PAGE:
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The holidays aren’t the same in 2020. Grief-support ideas can help

The holiday season is a tough time for people dealing with loss, especially this year. Some are mourning the death of a loved one, while others are struggling with the loss of norms and traditions due to COVID-19.

As the director of clinical outreach for HopeHealth, I’ve seen firsthand how the coronavirus pandemic has caused many of us to experience varied degrees of cumulative grief. In fact, nearly twice as many people are using HopeHealth’s grief support services as compared to last year.

Still, there are ways to cope with holiday grief. They range from traditional grief-support methods to new, creative ideas. Here are some tips:

Want a special way to honor your loved one’s memory? Sign up here for HopeHealth’s Light Up a Life virtual remembrance event on Thursday, December 10, at 6:00 p.m.

Feel connected to others, even when far apart

While COVID-19 restrictions have limited in-person contact, there are other ways to take comfort from family and friends over the holidays.

  • Use video conferencing to get together. Even if you aren’t physically gathered around a table, it is still comforting to hear the calming voice or feel the mindful presence of a loved one.
  • Ask your loved ones to share stories and pictures with you. There are more ways to communicate than ever: by mailed letter, email, phone, video chat, social media or group messaging app. Sharing happy memories can unleash the emotions necessary for healing.
  • Coordinate a date and time to recite a poem, spiritual reading or prayer. This is a special way to honor the loss of a loved one. It is particularly effective during Thanksgiving, Hanukkah, Christmas, Kwanzaa and other holiday gatherings.

Create new traditions, memories or rituals

It may seem impossible to try something new while deep in grief, but making the effort can bring healing.

  • Participate in an activity with special meaning. If your loved one enjoyed the outdoors, plant a tree in their memory. Watch his or her favorite movie, or prepare a favorite meal. Retracing familiar steps can be cathartic and help you feel close to someone no longer physically present.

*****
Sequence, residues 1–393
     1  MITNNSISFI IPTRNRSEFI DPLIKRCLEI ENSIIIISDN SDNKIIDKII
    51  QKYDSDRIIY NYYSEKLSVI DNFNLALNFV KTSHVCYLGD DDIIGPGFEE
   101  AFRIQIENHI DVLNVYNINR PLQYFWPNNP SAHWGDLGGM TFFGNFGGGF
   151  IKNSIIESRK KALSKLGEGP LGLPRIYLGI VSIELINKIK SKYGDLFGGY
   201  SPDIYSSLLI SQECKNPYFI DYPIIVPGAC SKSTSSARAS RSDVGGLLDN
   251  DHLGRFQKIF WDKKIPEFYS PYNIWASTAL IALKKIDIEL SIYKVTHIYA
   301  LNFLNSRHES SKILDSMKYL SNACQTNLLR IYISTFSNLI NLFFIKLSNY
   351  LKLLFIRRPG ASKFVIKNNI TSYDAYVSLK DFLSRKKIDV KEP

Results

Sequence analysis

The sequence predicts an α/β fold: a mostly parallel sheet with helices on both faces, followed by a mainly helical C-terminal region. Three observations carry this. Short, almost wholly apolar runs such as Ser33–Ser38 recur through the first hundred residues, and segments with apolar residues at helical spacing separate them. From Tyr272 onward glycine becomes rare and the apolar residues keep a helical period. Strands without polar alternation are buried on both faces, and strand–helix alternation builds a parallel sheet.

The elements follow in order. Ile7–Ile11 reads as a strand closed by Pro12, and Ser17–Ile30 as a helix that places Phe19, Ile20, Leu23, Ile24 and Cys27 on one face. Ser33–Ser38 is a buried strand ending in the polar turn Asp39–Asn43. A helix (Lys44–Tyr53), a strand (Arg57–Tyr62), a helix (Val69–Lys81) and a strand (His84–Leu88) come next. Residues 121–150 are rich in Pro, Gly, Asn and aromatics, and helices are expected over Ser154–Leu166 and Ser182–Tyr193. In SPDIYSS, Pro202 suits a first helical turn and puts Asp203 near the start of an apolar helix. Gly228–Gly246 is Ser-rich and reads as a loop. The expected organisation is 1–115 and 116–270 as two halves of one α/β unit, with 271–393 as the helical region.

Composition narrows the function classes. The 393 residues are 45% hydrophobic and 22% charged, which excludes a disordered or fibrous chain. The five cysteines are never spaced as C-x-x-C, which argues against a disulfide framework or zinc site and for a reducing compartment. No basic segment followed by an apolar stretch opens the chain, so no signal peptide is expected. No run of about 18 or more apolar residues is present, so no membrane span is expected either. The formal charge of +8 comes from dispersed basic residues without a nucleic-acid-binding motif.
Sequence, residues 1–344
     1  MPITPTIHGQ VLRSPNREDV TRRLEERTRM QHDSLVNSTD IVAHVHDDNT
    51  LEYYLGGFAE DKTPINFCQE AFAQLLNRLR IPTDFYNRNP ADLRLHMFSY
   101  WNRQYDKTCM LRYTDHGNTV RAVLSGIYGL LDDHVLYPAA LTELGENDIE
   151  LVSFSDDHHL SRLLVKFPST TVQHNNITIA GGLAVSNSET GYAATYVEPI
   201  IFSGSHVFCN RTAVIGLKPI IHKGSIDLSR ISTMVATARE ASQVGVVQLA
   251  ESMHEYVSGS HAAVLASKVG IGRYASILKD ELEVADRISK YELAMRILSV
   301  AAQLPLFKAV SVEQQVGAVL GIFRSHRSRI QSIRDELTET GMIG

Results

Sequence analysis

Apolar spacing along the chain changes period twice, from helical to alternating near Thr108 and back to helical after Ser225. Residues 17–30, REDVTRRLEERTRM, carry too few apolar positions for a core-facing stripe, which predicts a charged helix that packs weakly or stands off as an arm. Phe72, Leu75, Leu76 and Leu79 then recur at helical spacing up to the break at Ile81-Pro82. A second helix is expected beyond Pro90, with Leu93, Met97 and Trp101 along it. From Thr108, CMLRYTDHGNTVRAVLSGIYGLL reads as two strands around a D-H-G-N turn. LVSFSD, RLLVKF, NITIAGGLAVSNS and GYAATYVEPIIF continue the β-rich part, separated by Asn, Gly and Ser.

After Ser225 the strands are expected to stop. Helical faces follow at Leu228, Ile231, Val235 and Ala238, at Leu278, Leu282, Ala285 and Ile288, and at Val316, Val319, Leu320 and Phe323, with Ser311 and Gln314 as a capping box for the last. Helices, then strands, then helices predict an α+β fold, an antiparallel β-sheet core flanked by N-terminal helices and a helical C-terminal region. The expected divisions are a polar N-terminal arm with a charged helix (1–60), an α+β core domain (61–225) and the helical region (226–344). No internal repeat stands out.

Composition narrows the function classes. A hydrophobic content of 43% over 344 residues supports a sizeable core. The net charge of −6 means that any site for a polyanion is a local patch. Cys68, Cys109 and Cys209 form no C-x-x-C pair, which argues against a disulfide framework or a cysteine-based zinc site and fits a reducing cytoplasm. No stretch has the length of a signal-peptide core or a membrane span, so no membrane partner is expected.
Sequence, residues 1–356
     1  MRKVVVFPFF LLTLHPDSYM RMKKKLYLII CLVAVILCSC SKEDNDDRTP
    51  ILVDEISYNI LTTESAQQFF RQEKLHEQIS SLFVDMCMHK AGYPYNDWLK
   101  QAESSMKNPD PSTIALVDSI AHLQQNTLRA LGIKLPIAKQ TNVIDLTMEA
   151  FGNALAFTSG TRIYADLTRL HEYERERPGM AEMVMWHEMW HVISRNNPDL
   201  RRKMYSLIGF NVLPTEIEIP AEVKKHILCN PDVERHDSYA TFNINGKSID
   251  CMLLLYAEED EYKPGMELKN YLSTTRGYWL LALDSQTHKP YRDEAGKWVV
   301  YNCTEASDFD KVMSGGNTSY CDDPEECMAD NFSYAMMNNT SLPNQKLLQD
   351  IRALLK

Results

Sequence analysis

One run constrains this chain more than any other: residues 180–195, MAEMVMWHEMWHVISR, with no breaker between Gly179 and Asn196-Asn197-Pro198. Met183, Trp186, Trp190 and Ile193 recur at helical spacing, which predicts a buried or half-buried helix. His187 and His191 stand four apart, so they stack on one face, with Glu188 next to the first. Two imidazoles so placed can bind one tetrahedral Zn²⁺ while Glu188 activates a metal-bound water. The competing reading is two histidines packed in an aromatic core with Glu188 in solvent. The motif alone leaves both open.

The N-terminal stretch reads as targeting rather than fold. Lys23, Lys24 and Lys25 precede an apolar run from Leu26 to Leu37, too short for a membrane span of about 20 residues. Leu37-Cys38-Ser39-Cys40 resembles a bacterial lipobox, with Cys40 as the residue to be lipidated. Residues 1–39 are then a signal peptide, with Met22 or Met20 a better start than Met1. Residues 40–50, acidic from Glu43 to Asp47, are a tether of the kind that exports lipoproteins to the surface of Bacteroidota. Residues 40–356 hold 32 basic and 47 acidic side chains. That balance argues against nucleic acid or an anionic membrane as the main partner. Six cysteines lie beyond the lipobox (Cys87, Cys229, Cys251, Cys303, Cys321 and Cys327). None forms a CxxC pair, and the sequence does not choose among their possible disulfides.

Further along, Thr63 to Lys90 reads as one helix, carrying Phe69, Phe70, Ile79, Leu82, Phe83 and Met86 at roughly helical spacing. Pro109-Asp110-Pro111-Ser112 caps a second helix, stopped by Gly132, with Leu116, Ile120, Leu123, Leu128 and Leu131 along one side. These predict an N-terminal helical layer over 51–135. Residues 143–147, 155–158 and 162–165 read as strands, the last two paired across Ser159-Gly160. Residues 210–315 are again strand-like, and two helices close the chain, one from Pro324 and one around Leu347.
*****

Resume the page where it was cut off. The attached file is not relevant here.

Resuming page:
• Shop online for holiday gifts. If there were ever a year to begin this tradition, 2020 is it. The hustle and bustle of holiday shopping can be overwhelming for people in grief. Instead, hunt online for meaningful gifts to memorialize someone lost or to warm a loved one’s heart.
  • Attend HopeHealth’s Light Up a Life remembrance event on December 10 at 6:00 p.m. This annual tradition will be held virtually this year, so friends and family from afar can participate. Visit HopeHealthCo.org/LightUpaLife for details or call us at (888) 528-9077.

Feel free to say “I need help”

Asking for support is a powerful first step toward navigating the holiday season.

  • Seek assistance from grief-support professionals and volunteers. There are an array of choices, from individual grief counseling to support groups and hotlines. HopeHealth offers free virtual grief support groups and hosted an educational workshop series, Hope for the Holidays, in November. To learn more, visit HopeHealthCo.org/GriefSupport or call us at (888) 528-9077.
  • Seek spiritual support from faith-based organizations. Many congregations are meeting virtually to provide a safe place to practice religious expression and take strength in community.
  • Try something new. Many activities are available online this year, from paint classes and museum tours, to volunteer opportunities and educational courses. Many seniors have learned to navigate the internet and connect with the outside world.

More than ever, we must be patient and flexible with ourselves and each other this holiday season. The pandemic is a time of collective sadness, yet we can open ourselves up to new experiences and find opportunities for healing and unwavering hope.

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